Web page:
Embracing Otherness

It’s a fact that we will interact with people who are not like us. It’s also more likely than not that we will find ourselves in a situation where we are uncertain about what to do or say (or what not to do or say!) to people who are different from us.

What is otherness?

This feeling of uncertainty and unfamiliarity really touches on the idea of otherness, that is, the idea of coming into contact with someone who is quite different from us. Sadly, a common response is to consider those who are different as abnormal or wrong, while assuming our own way of life is normal and right. The Bible has a lot to say about how Christians should rightly think about and relate to otherness.

One of the simplest yet most profound truths of the Bible is that God is God and we are not (Isa. 55:8–9; Deut. 29:29). There is something profoundly other about the God of the Bible. The flipside of this is true as well. When placed beside the Triune God of the universe, we are completely other from God. Although humanity is made in God’s image and creation displays the handiwork of God, both humanity and creation are nevertheless fundamentally different from God.

On the one hand, this is an absolutely wonderful truth. Unlike humans, God is unchanging, eternal, and perfect in his being and attributes. He is perfect, holy, righteous, loving, and good at all times. He is all wise, all-powerful, and ever present. He never needs the world, yet he easily upholds a world fully dependent upon him. There is no other being we would ever want to have as the Creator and Sustainer of the cosmos!

On the other hand, this can be a frightening truth. If God is so distinct from us, then how can he have a relationship with us? Why would he come near and associate with us? Is God aloof, standing afar off, cold and heartless towards us?

If you have ever asked these questions, that means you have begun to wrestle with the Biblical truth that God is God and we are not, the fact that we are completely other from God. If this was all that the Bible ever told us, we could only be in awe-filled fear of a cold and distant deity who was perfect in every way but who could never relate to us as we are.

God is an other-loving God.

But the Bible tells us that the Maker of heaven and earth is a God who willingly reaches out across an infinite void and accommodates us. This is not saying that God relinquishes his divinity or that he compromises his character, but rather that he is able to step down to the level of humans so that we can relate to him and have fellowship with him. Even before sin and evil entered the world, God looked at the others he created, man and woman, and he spoke with them, blessed them, and personally gave them all that they needed. He did not stand afar off but came close to them, speaking in a way that finite humans could understand, giving tangible promises and protective warnings.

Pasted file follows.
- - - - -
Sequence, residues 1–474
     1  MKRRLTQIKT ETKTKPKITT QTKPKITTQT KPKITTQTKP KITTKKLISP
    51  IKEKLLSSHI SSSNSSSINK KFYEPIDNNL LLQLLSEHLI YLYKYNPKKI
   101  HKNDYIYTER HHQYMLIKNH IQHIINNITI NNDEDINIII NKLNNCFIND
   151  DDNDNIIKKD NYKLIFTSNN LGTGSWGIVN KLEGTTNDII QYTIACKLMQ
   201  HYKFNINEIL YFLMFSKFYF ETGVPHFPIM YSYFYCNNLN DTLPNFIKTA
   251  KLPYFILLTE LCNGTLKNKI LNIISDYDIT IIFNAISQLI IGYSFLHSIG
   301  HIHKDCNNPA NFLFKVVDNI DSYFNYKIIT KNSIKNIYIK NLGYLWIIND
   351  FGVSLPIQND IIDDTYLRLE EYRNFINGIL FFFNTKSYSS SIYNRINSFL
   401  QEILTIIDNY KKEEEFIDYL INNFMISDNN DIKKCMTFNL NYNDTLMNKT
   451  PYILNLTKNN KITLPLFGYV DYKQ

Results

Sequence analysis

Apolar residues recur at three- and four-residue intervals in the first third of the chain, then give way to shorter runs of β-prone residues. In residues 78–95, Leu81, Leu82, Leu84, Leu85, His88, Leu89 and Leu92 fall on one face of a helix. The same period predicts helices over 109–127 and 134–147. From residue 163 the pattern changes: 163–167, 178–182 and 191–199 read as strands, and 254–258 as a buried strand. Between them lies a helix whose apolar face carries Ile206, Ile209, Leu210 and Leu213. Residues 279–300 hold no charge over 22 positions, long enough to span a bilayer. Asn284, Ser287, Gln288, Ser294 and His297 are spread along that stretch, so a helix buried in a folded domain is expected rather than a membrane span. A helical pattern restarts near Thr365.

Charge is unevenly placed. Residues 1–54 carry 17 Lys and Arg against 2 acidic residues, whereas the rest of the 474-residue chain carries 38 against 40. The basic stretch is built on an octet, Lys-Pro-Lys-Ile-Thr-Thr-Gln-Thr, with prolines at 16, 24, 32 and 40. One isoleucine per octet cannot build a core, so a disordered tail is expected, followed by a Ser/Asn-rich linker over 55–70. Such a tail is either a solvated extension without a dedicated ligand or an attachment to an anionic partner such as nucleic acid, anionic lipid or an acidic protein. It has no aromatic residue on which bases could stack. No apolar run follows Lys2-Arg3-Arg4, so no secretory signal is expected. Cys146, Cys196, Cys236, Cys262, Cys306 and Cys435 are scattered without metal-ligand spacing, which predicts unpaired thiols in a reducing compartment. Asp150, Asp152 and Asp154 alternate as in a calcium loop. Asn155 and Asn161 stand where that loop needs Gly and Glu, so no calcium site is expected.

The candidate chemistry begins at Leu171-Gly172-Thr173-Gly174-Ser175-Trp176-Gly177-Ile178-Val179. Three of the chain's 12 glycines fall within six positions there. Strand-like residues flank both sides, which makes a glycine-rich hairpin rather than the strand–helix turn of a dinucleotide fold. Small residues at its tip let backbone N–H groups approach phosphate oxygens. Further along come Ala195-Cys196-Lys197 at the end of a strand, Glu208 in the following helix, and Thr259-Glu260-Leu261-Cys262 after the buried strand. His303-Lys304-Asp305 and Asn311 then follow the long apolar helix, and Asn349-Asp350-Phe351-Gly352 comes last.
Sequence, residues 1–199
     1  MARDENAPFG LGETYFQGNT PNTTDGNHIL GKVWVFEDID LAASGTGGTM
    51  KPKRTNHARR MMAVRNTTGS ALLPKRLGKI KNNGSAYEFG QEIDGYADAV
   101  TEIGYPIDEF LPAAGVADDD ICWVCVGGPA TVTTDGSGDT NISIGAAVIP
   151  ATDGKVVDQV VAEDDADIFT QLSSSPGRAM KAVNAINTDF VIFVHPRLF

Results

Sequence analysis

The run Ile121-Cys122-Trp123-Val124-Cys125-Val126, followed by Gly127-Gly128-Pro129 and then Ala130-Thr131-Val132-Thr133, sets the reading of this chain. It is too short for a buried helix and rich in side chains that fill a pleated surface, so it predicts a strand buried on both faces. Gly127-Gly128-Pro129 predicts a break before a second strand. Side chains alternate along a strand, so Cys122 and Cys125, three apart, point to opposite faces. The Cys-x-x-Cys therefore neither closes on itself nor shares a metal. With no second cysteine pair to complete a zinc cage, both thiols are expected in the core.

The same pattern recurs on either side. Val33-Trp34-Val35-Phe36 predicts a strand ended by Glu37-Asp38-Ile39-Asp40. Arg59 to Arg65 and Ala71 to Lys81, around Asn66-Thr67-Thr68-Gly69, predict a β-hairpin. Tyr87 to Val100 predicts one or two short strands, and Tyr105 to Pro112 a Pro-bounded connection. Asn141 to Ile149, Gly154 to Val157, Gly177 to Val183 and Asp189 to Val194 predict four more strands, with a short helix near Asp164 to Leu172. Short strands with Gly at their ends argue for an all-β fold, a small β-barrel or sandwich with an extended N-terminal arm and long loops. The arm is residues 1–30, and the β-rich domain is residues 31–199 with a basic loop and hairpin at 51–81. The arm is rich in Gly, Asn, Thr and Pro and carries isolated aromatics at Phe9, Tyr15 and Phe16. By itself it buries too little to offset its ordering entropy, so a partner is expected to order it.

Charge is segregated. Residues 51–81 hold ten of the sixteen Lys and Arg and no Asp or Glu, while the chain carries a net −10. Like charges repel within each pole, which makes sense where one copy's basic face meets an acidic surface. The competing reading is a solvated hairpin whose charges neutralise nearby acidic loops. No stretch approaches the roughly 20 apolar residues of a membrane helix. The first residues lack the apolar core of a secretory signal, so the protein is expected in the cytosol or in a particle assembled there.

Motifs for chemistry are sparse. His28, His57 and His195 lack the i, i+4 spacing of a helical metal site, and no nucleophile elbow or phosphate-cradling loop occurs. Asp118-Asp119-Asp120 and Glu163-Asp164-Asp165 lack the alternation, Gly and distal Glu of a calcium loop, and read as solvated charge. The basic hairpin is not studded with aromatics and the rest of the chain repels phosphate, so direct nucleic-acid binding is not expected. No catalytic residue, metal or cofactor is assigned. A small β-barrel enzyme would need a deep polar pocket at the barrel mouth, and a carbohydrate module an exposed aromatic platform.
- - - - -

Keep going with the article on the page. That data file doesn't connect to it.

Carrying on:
Even before sin came into this world, God has always been the other-loving God. Otherness was never a problem for God. He created a world that was distinct and separate from himself in every way, yet he came down to the level of his image-bearers to relate with them, speak with them, and bless them. He came down so that mankind could be lifted up to him, not out of need or compulsion, but simply out of the overflow of his goodness.

The greatest other-loving act that God could have ever done was on the cross. It was there that the Son of God loved estranged, rebellious, and treasonous others by bearing the pain of complete separation and forsakenness they deserved. Again, God never had a problem with otherness. If he did, he would have had to either obliterate humanity or assimilate it. Yet, it was at the cross that God demonstrated what he truly had a problem with: sin and evil. God not only showed his love to an other, but he also showered his grace and mercy to an evil other. In the perfect wisdom and power of God, salvation was accomplished in a way that preserved our identity and personhood while scrubbing us clean of the filth of sin.

How should we approach otherness?

If these things are true about God’s treatment of others like us, how should we treat people who are different from us? We should have no problem with otherness but every problem with sinfulness. In fact, if we are to love what God loves, we should willingly and actively reach out and accommodate those who are different from us. We should be careful about assuming that our own preferences and assumptions are normal and good while considering others’ as abnormal and wrong. Lastly, we can rejoice and praise God that he is the other-loving God who gives us every reason in Christ to be other-loving like him.

Photo of Timothy Isaiah Cho

Timothy Isaiah Cho

Timothy Isaiah Cho works for World Relief Southern California. He earned his B.A. in English Literature from the University of California, Berkeley, and his Master of Divinity from Westminster Seminary California. He is the assistant editor for Faithfully Magazine.

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